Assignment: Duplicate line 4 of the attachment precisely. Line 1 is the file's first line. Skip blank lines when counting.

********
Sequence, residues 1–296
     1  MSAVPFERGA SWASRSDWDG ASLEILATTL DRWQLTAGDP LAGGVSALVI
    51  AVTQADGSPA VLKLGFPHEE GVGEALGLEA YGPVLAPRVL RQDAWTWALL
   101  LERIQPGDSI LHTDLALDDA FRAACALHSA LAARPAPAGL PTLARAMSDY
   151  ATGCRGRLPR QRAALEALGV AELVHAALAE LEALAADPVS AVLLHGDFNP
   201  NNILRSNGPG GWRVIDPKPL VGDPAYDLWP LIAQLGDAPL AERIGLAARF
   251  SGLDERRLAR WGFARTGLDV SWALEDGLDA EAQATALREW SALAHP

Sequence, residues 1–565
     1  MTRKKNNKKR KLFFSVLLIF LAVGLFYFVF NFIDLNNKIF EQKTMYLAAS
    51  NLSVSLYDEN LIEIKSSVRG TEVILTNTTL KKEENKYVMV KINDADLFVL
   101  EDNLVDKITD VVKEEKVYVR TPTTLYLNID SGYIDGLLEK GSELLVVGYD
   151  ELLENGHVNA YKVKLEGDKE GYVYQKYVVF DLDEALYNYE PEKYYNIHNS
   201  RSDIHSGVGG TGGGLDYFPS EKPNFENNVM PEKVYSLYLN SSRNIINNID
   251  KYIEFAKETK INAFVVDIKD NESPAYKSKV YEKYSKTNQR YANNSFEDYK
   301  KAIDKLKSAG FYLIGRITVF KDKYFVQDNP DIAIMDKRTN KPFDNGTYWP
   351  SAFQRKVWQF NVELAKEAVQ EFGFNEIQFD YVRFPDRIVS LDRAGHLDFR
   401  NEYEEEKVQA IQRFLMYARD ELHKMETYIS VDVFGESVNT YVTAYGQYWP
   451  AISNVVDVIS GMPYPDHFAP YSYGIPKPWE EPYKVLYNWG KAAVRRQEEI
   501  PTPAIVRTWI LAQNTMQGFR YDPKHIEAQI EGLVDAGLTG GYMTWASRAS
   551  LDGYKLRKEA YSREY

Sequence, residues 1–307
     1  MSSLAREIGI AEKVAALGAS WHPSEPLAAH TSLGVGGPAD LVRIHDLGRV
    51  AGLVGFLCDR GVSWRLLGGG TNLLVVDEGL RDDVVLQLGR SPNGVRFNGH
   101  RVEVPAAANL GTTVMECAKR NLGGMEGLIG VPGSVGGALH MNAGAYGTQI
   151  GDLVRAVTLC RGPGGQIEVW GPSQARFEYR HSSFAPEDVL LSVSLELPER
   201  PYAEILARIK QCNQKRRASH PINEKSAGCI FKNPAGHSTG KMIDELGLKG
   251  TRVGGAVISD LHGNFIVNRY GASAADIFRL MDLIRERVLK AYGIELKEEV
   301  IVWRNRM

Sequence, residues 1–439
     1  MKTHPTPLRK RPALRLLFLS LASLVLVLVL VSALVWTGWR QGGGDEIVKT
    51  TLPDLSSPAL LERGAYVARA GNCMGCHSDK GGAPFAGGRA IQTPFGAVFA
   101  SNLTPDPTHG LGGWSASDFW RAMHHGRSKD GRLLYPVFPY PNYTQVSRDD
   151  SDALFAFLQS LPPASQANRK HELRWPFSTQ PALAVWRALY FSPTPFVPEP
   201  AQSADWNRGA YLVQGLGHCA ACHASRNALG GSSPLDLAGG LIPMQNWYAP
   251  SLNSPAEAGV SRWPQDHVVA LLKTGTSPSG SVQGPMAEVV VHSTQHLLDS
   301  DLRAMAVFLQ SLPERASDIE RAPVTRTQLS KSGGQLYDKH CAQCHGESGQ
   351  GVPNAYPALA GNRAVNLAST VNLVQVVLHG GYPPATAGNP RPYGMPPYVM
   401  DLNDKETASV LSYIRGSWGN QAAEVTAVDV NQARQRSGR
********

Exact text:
   101  LERIQPGDSI LHTDLALDDA FRAACALHSA LAARPAPAGL PTLARAMSDY